Avocados help in treating constipation as a quick and fast-acting laxative that promotes a vigorous bowel movement. The Avocado's high fiber content may also play a contributing role in this important function.

The beta-sitosterol, a phystosterol found in Avocado, is thought to have a beneficial effect on prostate health.  According to a paper presented by Dr. John Birkbeck, Professor of Nutrition at Massey University in New Zealand, the sitosterol has been used in the management of a variety of conditions, including benign prostatic hypertrophy, as carried out in a trial reported in the British medical journal, The Lancet, and in fact is the basis of drugs sold in Germany for this purpose.  There is also evidence that phytosterols may reduce the risk of malignant prostate disease at least in animal models.

High in vitamin E, vitamin A and lutein content, Avocado acts as an antioxidant, helping to reduce the harmful free radicals that can occur in cells and contribute to cell and tissue damage.  The protective qualities that enable lutein to protect plant cells from sunlight and oxidative stress may also protect human cells in the skin and other organs and tissues from these same free-radical damaging factors.

For thousands of years Avocado has been considered a beauty treatment and to possess anti-ageing properties as an emollient that helps to improve dry skin.  It works internally (perhaps because of its high vitamin E content) toward the surface of the skin, soothing deep muscle inflammation; and applied topically, the oil extract keeps both the skin soft and the hair lustrous.  Avocado fights the ageing process and helps the skin ward off the damaging effects of sun and wind.  There is some evidence that Avocado may be of some help in relieving symptoms of osteoarthritis when applied topically (see below for related article).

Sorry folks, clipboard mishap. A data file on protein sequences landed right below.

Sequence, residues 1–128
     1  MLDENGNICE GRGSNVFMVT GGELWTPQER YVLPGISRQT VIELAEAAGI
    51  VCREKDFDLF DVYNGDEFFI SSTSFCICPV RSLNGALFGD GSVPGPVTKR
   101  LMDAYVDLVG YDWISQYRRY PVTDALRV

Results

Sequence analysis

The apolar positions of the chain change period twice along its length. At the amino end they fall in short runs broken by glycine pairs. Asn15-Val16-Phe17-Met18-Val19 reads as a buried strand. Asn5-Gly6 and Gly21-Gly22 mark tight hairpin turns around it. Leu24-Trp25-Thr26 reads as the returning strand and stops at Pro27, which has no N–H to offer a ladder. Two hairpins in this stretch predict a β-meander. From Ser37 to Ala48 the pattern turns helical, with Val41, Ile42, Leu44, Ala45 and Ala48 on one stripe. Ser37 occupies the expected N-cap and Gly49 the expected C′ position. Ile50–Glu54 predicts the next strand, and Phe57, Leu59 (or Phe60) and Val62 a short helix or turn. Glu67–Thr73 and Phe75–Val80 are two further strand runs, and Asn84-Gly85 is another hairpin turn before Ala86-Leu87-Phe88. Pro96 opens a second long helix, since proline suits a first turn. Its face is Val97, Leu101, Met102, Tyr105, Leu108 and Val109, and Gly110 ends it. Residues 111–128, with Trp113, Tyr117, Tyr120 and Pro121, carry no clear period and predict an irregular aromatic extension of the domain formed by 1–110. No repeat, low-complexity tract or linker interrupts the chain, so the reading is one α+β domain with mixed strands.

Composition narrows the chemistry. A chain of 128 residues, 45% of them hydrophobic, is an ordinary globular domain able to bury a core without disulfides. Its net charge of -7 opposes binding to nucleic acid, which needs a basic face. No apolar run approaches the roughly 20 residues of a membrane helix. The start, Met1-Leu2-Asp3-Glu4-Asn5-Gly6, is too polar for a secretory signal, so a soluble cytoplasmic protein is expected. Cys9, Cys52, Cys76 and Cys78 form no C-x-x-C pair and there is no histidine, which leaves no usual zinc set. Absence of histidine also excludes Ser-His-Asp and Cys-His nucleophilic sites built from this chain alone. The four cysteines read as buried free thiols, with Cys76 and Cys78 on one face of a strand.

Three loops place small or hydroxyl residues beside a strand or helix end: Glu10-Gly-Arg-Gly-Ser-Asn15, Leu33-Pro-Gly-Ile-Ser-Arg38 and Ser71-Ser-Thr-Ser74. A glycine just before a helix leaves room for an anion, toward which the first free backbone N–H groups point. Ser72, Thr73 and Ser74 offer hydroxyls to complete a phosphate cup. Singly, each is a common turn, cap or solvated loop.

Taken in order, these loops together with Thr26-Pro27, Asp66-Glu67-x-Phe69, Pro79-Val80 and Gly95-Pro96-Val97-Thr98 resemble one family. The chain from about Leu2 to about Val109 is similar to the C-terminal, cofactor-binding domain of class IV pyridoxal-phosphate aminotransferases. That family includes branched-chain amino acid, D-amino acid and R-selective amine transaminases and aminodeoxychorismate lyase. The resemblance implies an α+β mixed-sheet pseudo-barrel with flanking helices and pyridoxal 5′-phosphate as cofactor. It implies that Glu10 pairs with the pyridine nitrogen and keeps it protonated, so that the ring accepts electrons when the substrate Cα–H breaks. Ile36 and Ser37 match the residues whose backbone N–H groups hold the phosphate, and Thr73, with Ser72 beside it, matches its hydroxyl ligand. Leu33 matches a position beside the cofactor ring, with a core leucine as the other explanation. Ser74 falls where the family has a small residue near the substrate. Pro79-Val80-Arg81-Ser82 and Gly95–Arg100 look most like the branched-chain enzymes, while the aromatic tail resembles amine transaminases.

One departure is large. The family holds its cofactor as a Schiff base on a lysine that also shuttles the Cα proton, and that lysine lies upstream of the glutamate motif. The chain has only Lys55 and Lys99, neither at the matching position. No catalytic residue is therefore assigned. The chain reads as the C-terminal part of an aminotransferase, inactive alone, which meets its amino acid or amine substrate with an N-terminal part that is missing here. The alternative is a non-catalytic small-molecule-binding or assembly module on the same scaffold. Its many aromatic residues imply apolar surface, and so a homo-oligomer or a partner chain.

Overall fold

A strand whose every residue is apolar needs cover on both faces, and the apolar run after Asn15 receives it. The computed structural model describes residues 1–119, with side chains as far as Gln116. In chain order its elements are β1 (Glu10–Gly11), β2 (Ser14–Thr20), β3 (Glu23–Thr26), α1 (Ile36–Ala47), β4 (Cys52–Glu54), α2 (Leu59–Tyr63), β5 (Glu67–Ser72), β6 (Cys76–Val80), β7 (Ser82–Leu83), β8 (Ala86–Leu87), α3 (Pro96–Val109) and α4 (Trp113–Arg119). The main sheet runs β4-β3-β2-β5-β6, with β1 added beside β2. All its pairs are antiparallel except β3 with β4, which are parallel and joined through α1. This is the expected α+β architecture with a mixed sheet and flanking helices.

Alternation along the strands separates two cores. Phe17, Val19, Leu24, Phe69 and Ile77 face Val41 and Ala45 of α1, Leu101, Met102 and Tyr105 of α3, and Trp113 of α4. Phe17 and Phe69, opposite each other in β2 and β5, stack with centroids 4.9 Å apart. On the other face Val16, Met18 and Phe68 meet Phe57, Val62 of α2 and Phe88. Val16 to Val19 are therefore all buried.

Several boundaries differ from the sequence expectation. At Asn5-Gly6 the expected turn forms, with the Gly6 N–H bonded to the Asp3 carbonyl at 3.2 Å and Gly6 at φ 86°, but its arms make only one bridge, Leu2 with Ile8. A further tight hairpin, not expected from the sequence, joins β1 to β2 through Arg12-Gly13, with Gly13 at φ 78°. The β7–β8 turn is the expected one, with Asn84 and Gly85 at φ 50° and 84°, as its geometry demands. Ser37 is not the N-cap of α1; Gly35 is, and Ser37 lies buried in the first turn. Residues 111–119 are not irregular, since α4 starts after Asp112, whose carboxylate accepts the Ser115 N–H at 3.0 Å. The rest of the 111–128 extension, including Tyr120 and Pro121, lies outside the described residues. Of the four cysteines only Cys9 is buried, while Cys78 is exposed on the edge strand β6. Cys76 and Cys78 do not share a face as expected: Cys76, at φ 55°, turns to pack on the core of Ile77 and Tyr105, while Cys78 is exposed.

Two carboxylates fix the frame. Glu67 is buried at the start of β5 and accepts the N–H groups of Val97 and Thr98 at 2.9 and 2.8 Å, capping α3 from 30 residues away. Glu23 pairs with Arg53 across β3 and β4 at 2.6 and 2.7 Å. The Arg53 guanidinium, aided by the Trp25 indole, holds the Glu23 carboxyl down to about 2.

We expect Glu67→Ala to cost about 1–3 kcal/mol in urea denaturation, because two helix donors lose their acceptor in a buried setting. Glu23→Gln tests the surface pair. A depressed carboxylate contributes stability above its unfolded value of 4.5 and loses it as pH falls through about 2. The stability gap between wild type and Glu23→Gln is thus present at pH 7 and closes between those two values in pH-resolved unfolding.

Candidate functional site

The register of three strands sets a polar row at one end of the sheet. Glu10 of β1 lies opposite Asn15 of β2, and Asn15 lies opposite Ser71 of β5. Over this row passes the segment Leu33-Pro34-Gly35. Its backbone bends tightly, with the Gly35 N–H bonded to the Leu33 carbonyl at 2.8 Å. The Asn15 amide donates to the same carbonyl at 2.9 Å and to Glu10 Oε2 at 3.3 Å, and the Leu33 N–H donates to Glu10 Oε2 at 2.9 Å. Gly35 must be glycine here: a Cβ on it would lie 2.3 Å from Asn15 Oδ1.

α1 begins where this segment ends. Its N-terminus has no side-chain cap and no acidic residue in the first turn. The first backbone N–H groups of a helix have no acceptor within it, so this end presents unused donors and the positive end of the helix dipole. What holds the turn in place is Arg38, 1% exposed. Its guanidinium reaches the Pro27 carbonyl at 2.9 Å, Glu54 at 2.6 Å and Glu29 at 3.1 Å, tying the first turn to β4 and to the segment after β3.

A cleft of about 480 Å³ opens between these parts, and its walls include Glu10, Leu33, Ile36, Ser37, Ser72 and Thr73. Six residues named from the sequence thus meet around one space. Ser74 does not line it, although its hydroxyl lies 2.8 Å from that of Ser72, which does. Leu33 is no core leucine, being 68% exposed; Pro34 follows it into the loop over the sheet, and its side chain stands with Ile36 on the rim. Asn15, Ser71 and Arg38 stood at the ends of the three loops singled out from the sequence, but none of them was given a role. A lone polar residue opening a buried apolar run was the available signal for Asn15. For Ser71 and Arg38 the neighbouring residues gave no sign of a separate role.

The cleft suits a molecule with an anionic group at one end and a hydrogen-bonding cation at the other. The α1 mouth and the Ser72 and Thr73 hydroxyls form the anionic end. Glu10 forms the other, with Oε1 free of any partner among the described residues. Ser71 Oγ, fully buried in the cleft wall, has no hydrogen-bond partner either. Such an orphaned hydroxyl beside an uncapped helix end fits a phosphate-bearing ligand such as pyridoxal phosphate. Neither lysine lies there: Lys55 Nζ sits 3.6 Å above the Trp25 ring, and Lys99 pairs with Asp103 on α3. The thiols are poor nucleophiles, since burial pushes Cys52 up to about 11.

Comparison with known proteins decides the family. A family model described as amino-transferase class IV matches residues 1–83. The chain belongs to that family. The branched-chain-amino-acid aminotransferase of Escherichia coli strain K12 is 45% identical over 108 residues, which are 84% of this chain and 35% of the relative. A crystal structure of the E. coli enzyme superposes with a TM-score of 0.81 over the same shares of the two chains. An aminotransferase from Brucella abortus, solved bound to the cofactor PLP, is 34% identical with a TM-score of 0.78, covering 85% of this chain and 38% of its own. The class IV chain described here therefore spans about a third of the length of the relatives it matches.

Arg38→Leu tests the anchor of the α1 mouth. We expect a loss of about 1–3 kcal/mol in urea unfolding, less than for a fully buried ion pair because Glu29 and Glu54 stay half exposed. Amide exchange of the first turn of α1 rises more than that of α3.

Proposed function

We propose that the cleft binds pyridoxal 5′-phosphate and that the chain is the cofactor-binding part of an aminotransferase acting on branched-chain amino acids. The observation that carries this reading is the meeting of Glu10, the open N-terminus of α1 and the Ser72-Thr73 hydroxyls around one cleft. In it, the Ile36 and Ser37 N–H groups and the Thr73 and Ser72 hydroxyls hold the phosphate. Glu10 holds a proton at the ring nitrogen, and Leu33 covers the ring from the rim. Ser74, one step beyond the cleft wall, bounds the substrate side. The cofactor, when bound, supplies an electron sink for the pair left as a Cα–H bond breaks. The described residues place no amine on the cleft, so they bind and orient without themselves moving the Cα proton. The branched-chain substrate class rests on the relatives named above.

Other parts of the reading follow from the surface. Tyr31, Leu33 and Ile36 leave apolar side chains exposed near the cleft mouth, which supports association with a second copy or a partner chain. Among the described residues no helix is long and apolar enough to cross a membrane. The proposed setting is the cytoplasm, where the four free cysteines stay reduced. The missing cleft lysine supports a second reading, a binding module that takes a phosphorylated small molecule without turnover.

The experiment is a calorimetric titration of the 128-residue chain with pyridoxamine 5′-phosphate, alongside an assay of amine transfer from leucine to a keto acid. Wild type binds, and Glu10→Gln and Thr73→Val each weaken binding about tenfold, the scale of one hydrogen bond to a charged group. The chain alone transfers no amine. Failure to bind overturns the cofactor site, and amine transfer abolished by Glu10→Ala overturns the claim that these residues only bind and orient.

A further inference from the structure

Further combating the ageing process, Avocado is said to help improve brain function. Steven Pratt, M.D., who is on staff at Scripps Memorial Hospital in La Jolla, California, wrote, in 2006, that Avocados may reduce the effects of age-related conditions such as Alzheimer’s disease or dementia, since the reduced cholesterol and increased blood circulation not only helps to lower blood pressure but also improves blood flow to the brain, which is said to promote brain health, as hypertension is considered a risk factor for the decline in cognitive abilities.

Recent evidence indicates that Avocado may be very helpful for relieving osteoarthritis.  A combination of Avocado and Soybean unsaponifiables (an extract made from Avocado and Soybean) is considered one of the most promising arthritis remedies.  Four high-quality clinical trials suggest that the extract can improve the pain and stiffness of knee and hip osteoarthritis and reduce the need for non-steroidal anti-inflammatory drugs (NSAIDs).  It appears to decrease inflammation and stimulate cartilage repair.  In France, Avocado and Soybean extracts have been approved as a prescription drug.

Regarding blood sugar balance, there is some dispute with regard to Avocado's actions upon insulin production and glucose levels.  Recent American Diabetes Association findings present evidence that a diet high in monounsaturated fat can improve glucose tolerance and may also reduce insulin resistance allowing for better control of the disease.  While the new dietary guidelines warn that total fat intake should be limited, people with diabetes are encouraged to replace saturated fats with heart-healthy monounsaturated fats, and Avocados are the only fruit that provides this fat. On the contrary, Avocados contain a rare seven-carbon sugar called D-Mannoheptulose that is said to depress insulin production and may, therefore, raise glucose levels and thus be effective in cases of hypoglycemia.  Obviously, there has been nothing definitive written with regard to Avocado's evident affects on blood sugar, but, hopefully, continuing research will light the way.  Concurrently, the D-Mannoheptulose is also the subject of an Oxford University study regarding how this Avocado sugar extract may be helpful to patients with malignant tumor cells by limiting glucose uptake of those cells.

Contraindications:
Currently, there are no warnings or contraindications with the use of Avocado Herbal Supplement.